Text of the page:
Wednesday, 16 June 2010

Things To See: The Staffordshire Hoard

"This is going to alter our perceptions of Anglo-Saxon England..."
Leslie Webster, Former Keeper, Department of Prehistory and Europe, British Musuem.

 CloisonnĂ© garnet and gold hilt fitting with interlocking design.

Ever since I found out about metal detectorist Terry Herbert's discovery in a field near Lichfield, Staffordshire last July, I have been completely enchanted by The Staffordshire Hoard. Subsequent archaeological exacvations have uncovered over 1,500 items from the field; a vast gold and silver treasure emerged from the dirt, once more seeing the light of day after so long spent in the ground.

Gold strip bearing the inscription, "Surge Domine et dissipentur inimici tui et fugiant qui oderunt te a facie tua," ("Rise up Lord;  may your enemies be scattered and those who hate you be driven from your face.")

The Anglo-Saxon period is often called The Dark Ages. 

Gold zoomorphic mount (fish and eagle).

 What this amazing and unprecedented find proves is that this time was anything but gloomy and uncultured. The pieces are examples of remarkable and skilled craftmanship; a glittering window into a world long ago lost.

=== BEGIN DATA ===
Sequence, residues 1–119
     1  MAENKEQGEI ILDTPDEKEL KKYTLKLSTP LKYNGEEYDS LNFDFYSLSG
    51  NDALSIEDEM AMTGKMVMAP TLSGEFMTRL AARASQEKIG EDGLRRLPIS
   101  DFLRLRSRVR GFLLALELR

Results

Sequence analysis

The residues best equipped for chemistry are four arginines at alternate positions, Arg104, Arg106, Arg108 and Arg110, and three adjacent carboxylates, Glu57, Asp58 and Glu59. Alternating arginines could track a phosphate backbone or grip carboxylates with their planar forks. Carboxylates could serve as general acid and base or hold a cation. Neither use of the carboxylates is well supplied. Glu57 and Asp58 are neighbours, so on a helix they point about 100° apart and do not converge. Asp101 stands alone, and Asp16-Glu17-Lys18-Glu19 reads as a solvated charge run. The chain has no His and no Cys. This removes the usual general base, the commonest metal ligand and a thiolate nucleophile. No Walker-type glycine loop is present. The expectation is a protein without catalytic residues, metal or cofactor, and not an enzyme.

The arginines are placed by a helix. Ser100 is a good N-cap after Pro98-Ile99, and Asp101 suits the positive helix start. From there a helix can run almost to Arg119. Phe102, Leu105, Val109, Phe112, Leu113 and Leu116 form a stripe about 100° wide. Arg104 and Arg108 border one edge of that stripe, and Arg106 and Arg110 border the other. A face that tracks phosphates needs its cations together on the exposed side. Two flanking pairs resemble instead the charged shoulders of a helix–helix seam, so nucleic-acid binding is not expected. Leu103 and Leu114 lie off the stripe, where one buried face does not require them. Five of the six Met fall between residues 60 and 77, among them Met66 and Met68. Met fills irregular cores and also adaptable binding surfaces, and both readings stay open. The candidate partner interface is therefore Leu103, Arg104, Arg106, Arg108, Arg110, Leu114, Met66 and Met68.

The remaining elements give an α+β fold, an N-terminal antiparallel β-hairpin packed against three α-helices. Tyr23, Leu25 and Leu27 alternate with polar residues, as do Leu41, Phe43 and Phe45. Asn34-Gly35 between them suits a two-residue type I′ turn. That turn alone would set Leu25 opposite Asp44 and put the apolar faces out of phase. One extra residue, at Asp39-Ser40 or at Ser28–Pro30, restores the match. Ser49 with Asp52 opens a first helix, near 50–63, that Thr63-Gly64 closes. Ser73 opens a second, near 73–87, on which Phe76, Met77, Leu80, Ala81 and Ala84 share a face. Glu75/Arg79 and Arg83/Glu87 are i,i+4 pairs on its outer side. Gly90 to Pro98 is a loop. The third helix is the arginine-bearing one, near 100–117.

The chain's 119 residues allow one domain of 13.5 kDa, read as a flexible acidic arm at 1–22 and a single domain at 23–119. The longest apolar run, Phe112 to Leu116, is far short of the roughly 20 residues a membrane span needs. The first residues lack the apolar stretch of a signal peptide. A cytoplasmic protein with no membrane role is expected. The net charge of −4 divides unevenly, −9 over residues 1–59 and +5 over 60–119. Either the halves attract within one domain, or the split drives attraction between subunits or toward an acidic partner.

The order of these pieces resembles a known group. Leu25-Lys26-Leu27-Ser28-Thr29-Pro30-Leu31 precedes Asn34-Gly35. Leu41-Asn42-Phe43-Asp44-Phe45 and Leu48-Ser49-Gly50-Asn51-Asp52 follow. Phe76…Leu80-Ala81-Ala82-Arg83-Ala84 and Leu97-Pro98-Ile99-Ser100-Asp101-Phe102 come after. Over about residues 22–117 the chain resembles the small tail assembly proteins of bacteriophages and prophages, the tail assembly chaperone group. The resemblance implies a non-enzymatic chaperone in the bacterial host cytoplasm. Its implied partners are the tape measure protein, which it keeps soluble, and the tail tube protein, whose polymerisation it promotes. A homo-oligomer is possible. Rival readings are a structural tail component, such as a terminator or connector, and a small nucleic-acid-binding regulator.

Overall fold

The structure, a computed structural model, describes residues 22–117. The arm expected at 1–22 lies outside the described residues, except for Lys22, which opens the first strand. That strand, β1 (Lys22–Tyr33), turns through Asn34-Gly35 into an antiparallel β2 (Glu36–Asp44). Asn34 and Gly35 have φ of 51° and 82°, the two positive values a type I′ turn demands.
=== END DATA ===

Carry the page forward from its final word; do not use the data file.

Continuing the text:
Folded cross with interlocking design.

The reasons behind such a large deposit are now being picked over by experts, but the truth of the matter remains that nobody will ever know for sure. Interpretation of artefactual evidence is important, but in this respect I feel that the hoard speaks for itself with a strong and clear voice of it's own. 

 The complete hoard has been valued at £3.285 million.

After a successful appeal to keep the hoard in the West Midlands region, the collection has been bought by Birmingham Museum and Art Gallery and The Potteries Museum and Art Gallery. Currently on display in Birmingham, the hoard is awaiting the creation of it's permanent home there. I can't wait to visit myself and admire these beautiful items up close.

All images courtesy of The Staffordshire Hoard's Flickr page. For more wonderful images of the collection, click here.


  1. Makes you want to go digging around in the dirt, doesn't it? Nothing of that sort in this part of the world.
    I'd love to see these close up, too.

    Thanks for the very interesting post.

  2. Certainly does! I've been lucky enough to join a few digs, but wow, what a real wonder this excavation must have been!

    I'm hoping to go very soon and see the hoard up close and will be sure to report back on it.

    :) Laura